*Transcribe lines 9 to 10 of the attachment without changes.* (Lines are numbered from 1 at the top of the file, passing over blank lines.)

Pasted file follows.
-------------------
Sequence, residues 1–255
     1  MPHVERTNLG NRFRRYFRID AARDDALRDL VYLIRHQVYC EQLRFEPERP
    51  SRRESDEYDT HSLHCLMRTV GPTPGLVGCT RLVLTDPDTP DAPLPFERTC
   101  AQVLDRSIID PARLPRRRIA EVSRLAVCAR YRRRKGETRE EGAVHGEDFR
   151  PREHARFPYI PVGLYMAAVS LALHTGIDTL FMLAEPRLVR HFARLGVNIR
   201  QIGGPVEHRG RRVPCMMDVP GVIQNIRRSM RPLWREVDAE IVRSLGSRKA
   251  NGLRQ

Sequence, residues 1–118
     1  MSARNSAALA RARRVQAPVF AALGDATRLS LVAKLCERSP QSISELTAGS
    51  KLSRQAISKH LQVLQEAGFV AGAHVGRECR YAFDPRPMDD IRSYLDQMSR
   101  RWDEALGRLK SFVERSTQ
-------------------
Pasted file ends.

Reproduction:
     1  MSARNSAALA RARRVQAPVF AALGDATRLS LVAKLCERSP QSISELTAGS
    51  KLSRQAISKH LQVLQEAGFV AGAHVGRECR YAFDPRPMDD IRSYLDQMSR